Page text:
A somewhat disturbing extract from the DIA’s files on this particular experiment states: “Dr. Pavel Naumov conducted animal bio-communication studies between a submerged Soviet Navy submarine and a shore research station. These tests involved a mother rabbit and her newborn litter and occurred around 1956.” The author of the report continued: “According to Naumov, Soviet scientists placed the baby rabbits aboard the submarine. They kept the mother rabbit in a laboratory on shore where they implanted electrodes in her brain. When the submarine was submerged, assistants killed the rabbits one by one. At each precise moment of death, the mother rabbit’s brain produced detectable and record-able reactions.” It was also noted by the DIA that, “As late as 1970 the precise protocol and results of this test described were believed to be classified.” Nevertheless, the DIA was able to determine that the Soviets’ reasoning behind such experimentation was to try and understand the nature of ESP, astral projection, and the power of the mind – and even the existence of a soul - in animals such as dogs, rabbits and primates. And if eventually understood in the animal kingdom, said the DIA, the Soviets’ next step would be to focus on human beings and the way in which those same phenomena might be used as a weapon of war and espionage. And, when it comes to Remote-Viewing, that's how it all began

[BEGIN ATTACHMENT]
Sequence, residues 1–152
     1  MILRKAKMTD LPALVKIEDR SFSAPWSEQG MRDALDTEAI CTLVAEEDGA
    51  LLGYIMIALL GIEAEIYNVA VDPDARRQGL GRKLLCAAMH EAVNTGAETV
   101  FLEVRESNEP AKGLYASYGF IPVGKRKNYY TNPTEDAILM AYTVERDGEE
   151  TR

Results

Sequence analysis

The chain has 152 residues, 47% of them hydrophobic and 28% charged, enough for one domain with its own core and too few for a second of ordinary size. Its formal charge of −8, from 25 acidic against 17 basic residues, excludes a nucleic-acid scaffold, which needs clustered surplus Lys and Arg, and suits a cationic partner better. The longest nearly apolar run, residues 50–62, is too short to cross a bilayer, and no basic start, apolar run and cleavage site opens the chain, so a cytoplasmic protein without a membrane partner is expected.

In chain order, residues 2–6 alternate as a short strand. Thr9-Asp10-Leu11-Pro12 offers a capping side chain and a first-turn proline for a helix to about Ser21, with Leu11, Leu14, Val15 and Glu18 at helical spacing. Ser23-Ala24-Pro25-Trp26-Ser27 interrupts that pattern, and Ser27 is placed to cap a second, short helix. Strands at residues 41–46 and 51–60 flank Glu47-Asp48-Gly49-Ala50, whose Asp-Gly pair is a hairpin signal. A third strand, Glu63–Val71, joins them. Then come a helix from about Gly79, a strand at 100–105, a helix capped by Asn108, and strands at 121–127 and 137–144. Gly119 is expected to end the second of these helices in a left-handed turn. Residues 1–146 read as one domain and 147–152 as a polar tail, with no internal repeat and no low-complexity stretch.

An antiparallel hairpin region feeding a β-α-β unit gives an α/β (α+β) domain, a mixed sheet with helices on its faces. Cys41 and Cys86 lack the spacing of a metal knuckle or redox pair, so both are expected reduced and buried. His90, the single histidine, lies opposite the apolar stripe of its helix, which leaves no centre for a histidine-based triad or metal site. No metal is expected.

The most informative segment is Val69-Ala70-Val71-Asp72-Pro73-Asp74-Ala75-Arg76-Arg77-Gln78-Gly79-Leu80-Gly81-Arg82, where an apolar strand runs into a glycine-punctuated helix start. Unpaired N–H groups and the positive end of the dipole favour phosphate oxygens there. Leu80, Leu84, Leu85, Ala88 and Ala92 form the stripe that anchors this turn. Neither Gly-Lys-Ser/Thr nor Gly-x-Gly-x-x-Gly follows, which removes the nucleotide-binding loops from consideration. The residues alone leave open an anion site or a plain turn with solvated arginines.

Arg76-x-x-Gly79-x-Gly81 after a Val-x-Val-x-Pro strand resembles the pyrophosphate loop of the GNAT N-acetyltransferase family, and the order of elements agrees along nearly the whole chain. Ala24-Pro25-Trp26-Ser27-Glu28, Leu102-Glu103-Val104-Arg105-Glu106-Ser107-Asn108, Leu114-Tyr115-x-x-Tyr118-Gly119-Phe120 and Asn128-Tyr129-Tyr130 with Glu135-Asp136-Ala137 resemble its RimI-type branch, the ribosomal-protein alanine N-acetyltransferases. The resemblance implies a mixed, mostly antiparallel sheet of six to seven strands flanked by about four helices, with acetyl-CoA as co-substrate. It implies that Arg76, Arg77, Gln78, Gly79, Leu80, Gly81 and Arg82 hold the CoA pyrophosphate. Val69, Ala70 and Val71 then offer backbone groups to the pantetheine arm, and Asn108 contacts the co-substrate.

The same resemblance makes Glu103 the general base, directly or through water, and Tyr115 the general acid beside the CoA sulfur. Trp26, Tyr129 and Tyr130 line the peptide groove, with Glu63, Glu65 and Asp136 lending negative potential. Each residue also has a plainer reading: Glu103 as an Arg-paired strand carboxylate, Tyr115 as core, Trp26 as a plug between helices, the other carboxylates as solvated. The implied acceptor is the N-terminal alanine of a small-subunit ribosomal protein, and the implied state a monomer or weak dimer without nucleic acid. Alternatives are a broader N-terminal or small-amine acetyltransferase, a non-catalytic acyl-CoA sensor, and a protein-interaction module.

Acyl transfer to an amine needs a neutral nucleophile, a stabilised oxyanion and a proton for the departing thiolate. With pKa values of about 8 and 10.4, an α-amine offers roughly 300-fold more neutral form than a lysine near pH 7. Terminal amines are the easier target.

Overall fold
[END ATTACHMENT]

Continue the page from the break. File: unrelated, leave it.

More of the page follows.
Nick Redfern

Nick Redfern works full time as a writer, lecturer, and journalist. He writes about a wide range of unsolved mysteries, including Bigfoot, UFOs, the Loch Ness Monster, alien encounters, and government conspiracies. Nick has written 41 books, writes for Mysterious Universe and has appeared on numerous television shows on the The History Channel, National Geographic Channel and SyFy Channel.